Who to see for treatment of ADHD

Published: July 2010

Once a child is diagnosed with ADHD, where should families turn for help and treatment? We asked parents which providers their children had visited in the past 12 months to manage their condition.

When we looked at patient satisfaction with each type of provider, we saw little difference among the professionals visited. Parents were "very" or "completely" satisfied about half of the time among both medical and non-medical providers of care. These levels of satisfaction are slightly lower than those found in a recent survey of adults visiting mental-health treatment providers.

But there are some important differences among providers that can help you decide who to see for treatment.

Pediatricians (65 percent) were the providers most frequently involved in treating ADHD, followed by child psychiatrists (22 percent). This reliance on medical doctors is not surprising, given that 84 percent of the children in our survey had tried medication (see Drug treatment: Pros and cons). Nonmedical treatment providers—school professionals other than psychologists (19 percent), school psychologists (18 percent), clinical psychologists (17 percent), and learning-disability specialists with master's degrees (12 percent)—were almost equally involved in treatment. (See an ADHD evaluation checklist for parents to bring to any treatment provider.)

It takes a team to help a child with ADHD

Most children (about 58 percent) had seen two or more providers in the last 12 months. Given that each treatment provider might have strengths in different areas, visiting more than one might help some families achieve better results. And since children spend time in multiple environments—school, home, elsewhere—having people involved in those areas can increase the support network. "The best situation is when the parents, the teacher, and the physician are all on the same side—the same team—supporting the child who faces frustration and challenge with normal daily activities," says Marsha Rappley, M.D., a pediatric behavior specialist, dean of the Michigan State University School of Human Medicine, and a national expert on ADHD in children.

We asked parents to rate providers with this question: How much has this professional helped your child in the following areas: A lot, somewhat, a little, or not at all?

At school. It makes sense that school professionals (nonpsychologists) were more likely to help "a lot" with academic performance than other providers. When it came to behavior at school, they helped "a lot" 37 percent of the time. Some parents reported that pediatricians helped "a lot" (28 percent) with school behavior, while others thought pediatricians were "not at all" helpful (28 percent), underscoring the need for calling someone other than just a pediatrician for help at school.

Behavior at home. Clinical psychologists helped "a lot" with behavior at home 28 percent of the time, and pediatricians helped "a lot" 21 percent of the time. (School psychologists and other school professionals were not very likely to help with behavior at home.)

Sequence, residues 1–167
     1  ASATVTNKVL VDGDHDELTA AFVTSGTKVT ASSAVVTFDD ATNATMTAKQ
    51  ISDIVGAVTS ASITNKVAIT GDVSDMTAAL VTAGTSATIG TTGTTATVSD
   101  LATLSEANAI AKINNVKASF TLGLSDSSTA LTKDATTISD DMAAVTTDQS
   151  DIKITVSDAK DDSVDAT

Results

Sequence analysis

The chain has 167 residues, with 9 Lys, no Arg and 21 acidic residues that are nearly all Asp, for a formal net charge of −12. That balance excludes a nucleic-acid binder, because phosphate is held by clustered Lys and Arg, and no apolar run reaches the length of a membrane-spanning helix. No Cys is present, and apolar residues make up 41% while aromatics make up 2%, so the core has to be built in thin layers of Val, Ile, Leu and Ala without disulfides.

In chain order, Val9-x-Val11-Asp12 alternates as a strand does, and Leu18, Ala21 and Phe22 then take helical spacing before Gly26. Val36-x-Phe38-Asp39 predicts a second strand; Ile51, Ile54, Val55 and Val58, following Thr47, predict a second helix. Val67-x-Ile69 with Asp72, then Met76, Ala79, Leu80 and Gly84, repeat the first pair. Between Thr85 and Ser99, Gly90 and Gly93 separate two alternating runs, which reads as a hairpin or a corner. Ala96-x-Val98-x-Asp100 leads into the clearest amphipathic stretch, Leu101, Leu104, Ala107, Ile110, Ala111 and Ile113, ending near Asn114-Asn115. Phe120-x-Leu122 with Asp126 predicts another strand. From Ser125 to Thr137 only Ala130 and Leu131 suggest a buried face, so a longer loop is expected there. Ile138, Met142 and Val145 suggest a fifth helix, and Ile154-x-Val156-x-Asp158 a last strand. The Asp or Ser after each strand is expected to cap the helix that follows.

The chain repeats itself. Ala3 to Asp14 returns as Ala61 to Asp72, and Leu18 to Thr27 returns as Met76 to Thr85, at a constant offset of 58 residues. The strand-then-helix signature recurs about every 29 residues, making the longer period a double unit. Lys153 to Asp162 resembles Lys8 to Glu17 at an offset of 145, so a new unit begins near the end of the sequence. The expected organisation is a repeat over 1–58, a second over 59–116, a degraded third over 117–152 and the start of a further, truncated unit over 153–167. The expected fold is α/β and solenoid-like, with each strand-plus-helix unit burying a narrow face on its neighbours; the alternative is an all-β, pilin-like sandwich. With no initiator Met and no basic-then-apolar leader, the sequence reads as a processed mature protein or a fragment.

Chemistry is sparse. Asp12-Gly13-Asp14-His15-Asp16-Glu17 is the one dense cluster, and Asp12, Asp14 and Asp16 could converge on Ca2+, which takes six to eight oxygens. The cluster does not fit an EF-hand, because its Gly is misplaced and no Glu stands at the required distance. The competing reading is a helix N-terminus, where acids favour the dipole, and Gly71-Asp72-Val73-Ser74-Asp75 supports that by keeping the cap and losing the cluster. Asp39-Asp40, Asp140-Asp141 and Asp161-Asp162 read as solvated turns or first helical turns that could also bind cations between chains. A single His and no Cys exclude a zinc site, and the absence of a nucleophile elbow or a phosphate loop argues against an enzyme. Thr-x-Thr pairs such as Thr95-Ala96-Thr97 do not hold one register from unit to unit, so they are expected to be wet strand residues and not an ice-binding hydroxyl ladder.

Social relationships. The highest scores for helping "a lot" with social relationships were nonmedical treatment providers, such as clinical psychologists, school professionals, and school psychologists.

Self-esteem. Clinical psychologists helped the most in the area of self-esteem (29 percent helped "a lot"). Learning-disability specialists with master's degrees were also among the more helpful providers in this area. Changes in self-esteem could also be related to improvements in other areas, like academic performance.

Medication management. While managing drugs seems like a straightforward task, it's actually a process that requires continuous attention to benefits, side effects, doses, and medication types. Pediatricians helped "a lot" with medication management 53 percent of the time. (Child psychiatrists and psychiatrists also helped a lot in this area.) Surprisingly, 13 percent of the parents whose children visited a physician said that he or she did not help at all. For more information, see Best ways to manage medications.

Tips for being your child's treatment coordinator

Here are steps you can take to coordinate your child's care:

  • Obtain copies of any medical, psychological, and testing records related to your child's ADHD condition. Treat these records as you would vaccination records. The more information you can provide to new treatment providers, the better. (Always offer copies of your records and save your originals or original copies.)
  • If this is the first time you are enlisting professional help for your child's condition, request a baseline measure of his or her behavior and functioning. This serves three purposes:
  1. It provides an objective indication of your child's diagnosis (such as test results, questionnaire responses, written reports) that you can later bring to schools (even at the graduate level) or other places as proof of diagnosis.
  2. It lets professionals know that tests have been done, saving you time and money.
  3. It helps you and/or treatment providers monitor your child's progress from the beginning of treatment.
  • Maintain a list of all treatment providers who work with your child, including street address, e-mail address, phone numbers, and start dates of treatment.
  • Maintain a list of strategies tried, when they were started, and what changes or side effects resulted.
  • Explore an ADHD treatment center if you are unable to take on the role as coordinator of treatment. Several interdisciplinary professionals provide care as a team at these centers.

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